One of the best things about recent changes in book publishing technology is that today it’s easy to make a book fully illustrated.
The question is how to use illustrations to the best advantage. You may find that you have many more photographs or other possible illustrations that you’ll have space for. How do you decide which make the cut and get into the book?
Begin by understanding that photos can be used in different ways. You can use images to document the characters in your book. This usually means portraits of Great Grand Dad o Aunt Tillie, or your best friend from college. Such pictures may be historically important because they preserve the images of these significant people. However, the photos may not contribute much drama to your story.
Actions shot that capture a moment in time, along with a short caption, may tell a story in themselves enhancing the narrative you are developing in your text without interrupting it. They are the pictures worth a thousand words. The old Life and Look Magazines used them to create a whole new way of telling stories – photo journalism.
Since today is Labor Day let’s use that holiday’s origin to look at both ways of using photographs.
We’ll begin with what we might say in the text:
In the summer of 1894, after a year of depression following the financial Panic of 1893, railroad car mogul George Pullman fired one-third of his workers and the wages for those who remained by 30%. Although these employees live in the company town near Chicago and shopped at the company store, Pullman did not reduce prices or rents.
Eugene V. Debs, President of the American Railway Union, led his members out on strike in response to Pullman’s refusal to negotiate. Railroad service nationwide was disrupted when workers across the country supported the Chicago strikers and refused to handle trains containing even a single Pullman car.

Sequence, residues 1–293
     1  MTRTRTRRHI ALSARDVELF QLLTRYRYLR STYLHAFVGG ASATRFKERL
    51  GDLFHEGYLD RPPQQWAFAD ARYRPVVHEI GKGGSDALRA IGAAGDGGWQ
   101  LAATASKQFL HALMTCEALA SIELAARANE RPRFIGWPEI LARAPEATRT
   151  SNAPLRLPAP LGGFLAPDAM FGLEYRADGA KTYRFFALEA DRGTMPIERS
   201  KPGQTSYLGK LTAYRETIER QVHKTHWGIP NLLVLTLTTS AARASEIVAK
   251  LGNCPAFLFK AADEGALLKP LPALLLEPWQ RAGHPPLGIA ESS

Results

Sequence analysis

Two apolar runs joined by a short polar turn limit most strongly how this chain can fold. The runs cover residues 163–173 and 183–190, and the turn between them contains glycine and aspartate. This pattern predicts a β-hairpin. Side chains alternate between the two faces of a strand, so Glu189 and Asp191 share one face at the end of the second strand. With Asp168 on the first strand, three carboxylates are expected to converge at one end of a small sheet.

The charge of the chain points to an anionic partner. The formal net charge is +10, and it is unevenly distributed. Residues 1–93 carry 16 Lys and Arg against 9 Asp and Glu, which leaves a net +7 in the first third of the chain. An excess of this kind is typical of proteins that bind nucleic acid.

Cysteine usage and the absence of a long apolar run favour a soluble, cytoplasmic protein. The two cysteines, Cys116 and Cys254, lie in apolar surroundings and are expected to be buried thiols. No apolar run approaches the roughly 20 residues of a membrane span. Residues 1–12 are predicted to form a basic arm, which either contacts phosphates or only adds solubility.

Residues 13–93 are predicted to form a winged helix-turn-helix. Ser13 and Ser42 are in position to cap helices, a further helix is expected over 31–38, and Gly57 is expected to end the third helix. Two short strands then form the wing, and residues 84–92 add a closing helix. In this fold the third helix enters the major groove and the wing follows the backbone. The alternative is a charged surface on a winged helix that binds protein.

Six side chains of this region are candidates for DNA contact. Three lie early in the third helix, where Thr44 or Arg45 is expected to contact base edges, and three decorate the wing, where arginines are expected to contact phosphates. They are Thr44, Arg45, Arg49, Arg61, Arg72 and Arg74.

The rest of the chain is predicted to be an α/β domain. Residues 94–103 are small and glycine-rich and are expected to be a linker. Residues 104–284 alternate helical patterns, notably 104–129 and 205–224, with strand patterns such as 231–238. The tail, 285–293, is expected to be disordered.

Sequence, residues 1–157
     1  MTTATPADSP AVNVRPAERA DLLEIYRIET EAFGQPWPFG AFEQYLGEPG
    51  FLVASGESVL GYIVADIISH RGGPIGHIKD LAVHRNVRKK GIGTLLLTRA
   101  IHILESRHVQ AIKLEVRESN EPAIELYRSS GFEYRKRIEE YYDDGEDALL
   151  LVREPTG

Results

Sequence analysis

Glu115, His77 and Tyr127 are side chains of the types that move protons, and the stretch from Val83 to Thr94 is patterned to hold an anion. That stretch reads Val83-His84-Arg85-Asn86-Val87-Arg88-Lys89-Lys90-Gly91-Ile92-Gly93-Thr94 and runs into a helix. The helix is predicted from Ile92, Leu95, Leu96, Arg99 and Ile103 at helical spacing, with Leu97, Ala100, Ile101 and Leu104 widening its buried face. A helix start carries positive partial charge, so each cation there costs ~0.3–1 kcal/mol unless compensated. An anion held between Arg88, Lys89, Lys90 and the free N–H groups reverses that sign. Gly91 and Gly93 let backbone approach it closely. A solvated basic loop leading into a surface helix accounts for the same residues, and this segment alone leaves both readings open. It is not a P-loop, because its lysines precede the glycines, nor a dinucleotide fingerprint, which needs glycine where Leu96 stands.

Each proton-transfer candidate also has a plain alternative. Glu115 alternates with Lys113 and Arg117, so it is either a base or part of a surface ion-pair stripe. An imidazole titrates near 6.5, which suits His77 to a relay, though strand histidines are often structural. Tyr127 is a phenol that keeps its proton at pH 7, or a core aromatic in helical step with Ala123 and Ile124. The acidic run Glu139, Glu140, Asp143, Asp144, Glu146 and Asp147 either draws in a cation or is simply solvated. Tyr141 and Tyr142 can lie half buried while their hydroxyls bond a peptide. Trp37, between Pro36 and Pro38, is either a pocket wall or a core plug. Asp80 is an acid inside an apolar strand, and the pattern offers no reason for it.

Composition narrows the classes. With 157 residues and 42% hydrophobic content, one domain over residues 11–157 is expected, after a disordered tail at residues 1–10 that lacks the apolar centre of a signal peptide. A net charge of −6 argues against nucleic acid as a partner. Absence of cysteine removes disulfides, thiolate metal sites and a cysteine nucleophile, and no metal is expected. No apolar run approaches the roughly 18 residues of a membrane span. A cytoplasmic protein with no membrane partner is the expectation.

President Grover Cleveland and his Attorney General Richard Olney, a former attorney for the Chicago, Milwaukee, and St. Paul Railway, sided with Pullman. Using the legal argument that the strike was interfering with the delivery of the mail, Cleveland declared, “If it takes the entire army and navy to deliver a postal card in Chicago, that card will be delivered.”
When the army arrived things turned violent. Strikers overturned railroad cars or set them afire, eventually accounting for over $8 million in property damage measured in today’s dollars. Soldiers and U.S. Marshalls killed 13 strikers and wounded 57 others.
Having seen the nation brought to the edge of an abyss of class warfare Congress and the President acted quickly to pull back and reconcile with the growing labor movement. Six days after the Pullman Strike ended Congress unanimously passed a bill which Cleveland signed proclaiming Labor Day a national holiday.
One could certainly illustrate the text with portraits of the principal actors, Eugene Debs and Richard Olney.
But, how much more interesting would the account become if it were accompanied by the image below?
The image of soldiers firing on strikers from the railroad cars those union men had overturned demonstrates the urgency of the moment.
Both types of images are valuable. It's worth taking the time to find both and to use them appropriately to enhance your text.
Happy Labor Day!